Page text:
I was on days as a security guard at the mall, when I was called to the bank in the east wing. There as an intoxicated man, and the police were on the way.

I got there and immediately spotted him. A man about 35 years old was sitting on the floor below a teller’s window. He was pale and sweating.

“He’s been belligerent and loud,” the manager informed me. “He caused a scene and frightened everyone. He finally just fell over like that. Can you get him out of here?”

I approached the man, “Hello,” I said, “I’m Lisa. Can you tell me what’s wrong?”

“Yes,” he hissed. “I’m on the floor.” His words slurred, and he seemed confused. I could smell the odor of alcohol on his breath.

“I see you’re on the floor. Can you tell me how you got here?”

He didn’t answer.

I went to check his vitals and spotted a medical alert bracelet on his wrist. It wasn’t too much of a surprise to discover that the man was diabetic. His name was printed on the back. “Mr. Stefany,” I said. “Have you taken your insulin today?”

He nodded.

I knew he’d only get worse if his blood sugar was low, so I pressed. “When was the last time you ate?”

“Go away,” he growled.

I asked the manager to get some sugar packets from the coffee area. He came back with a handful and then, at my request, went to call an ambulance. I poured a small amount of sugar inside Mr. Stefany’s mouth to see how he’d react. He swallowed. I asked if he could take a little more. “Yes, more, please.” He said. He had four in all.

The sugar produced a big change. The man still seemed weak, but he was calmer, able to talk. I told him an ambulance was coming, and he agreed to go to the hospital. When the EMT’s arrived, I gave them the empty sugar packets, pointed out the man’s bracelet, and described the incident as best I could.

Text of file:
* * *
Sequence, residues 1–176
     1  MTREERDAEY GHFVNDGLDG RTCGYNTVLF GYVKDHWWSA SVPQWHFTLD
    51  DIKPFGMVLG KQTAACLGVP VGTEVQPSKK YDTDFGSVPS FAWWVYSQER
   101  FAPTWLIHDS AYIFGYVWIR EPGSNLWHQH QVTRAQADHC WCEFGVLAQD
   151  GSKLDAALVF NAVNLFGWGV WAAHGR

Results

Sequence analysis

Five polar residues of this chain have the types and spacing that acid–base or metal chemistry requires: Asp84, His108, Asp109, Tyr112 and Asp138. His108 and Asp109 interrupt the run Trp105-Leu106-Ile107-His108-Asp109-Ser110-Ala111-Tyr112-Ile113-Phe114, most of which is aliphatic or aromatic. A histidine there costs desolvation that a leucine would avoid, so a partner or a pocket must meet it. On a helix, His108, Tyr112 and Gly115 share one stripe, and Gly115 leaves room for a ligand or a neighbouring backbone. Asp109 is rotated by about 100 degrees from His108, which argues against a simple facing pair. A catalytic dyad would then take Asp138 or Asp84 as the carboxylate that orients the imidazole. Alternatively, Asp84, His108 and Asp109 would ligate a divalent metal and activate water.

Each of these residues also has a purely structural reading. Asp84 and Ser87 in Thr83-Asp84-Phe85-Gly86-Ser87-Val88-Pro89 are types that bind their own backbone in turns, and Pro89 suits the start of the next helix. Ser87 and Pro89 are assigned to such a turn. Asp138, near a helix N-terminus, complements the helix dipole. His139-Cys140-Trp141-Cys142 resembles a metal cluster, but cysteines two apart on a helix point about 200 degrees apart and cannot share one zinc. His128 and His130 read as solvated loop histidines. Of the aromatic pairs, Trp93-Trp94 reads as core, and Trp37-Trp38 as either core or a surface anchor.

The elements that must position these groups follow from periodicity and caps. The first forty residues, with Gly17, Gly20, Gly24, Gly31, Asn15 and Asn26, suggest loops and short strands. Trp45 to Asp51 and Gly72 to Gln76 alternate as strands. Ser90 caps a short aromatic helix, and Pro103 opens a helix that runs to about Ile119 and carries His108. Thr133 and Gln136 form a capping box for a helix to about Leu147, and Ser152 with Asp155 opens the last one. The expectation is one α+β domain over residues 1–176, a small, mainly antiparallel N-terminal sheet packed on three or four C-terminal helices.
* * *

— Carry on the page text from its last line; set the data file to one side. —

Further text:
The manager and I talked later. “I really had the guy pegged as a drunk. How did you know he wasn’t? I told him I had taken a Health Guardian class as part of my training, and then explained medical alert tags. He said he wouldn’t jump to conclusions next time.


The signs and symptoms of hypoglycemia often mimic those of stroke or of alcohol or drug intoxication. The most common are as follows:

  • Normal or shallow breathing
  • Normal or rapid full pulse
  • Normal or lower than normal blood pressure.
  • Pale, moist skin. Profuse sweating.
  • Irritability. Anxiety. Combativeness. Behavioral disturbances.
  • Faintness.
  • Speech difficulties.
  • Absence of thirst. Occasional hunger.
  • Weakness or paralysis of one side of the body.
  • Tremors. Convulsions.
  • Confusion leading to disorientation and coma.


Emergency care for a suspected hypoglycemic patient is as follows:

  1. If the patient is conscious, give a commercially available glucose paste. You may instead give orange juice with one or two teaspoons of sugar, soft drinks that contain sugar, corn syrup, sugar cubes, honey, jelly, Life Savers, gum drops, or other candy. If nothing else is available, give simple table sugar. Also, administer high concentration oxygen, if you are properly trained and allowed to do so by local protocol.
  2. If the patient is unconscious, establish an airway. Administer oxygen. Assist ventilation if necessary. Monitor closely. Follow local protocol.
  3. Never give an unconscious person anything to eat or drink. Watch for complications, such as shock or convulsions. Care for the patient appropriately.
  4. Activate the EMS system immediately, even if the patient seems to be completely recovered. Improvement usually is fairly rapid after sugar has been given. Even so, transport the patient to a physician. Do not worry about the amount of sugar given to the patient. The physician will balance the need for sugar against insulin production when the patient arrives at the hospital.

It is important to note that diabetics are not the only patients who are prone to hypoglycemia. Alcoholics, some ingested-poison patients, and others may develop the same syndrome. So do not discount hypoglycemia in comatose patient just because he or she is not know to be a diabetic.

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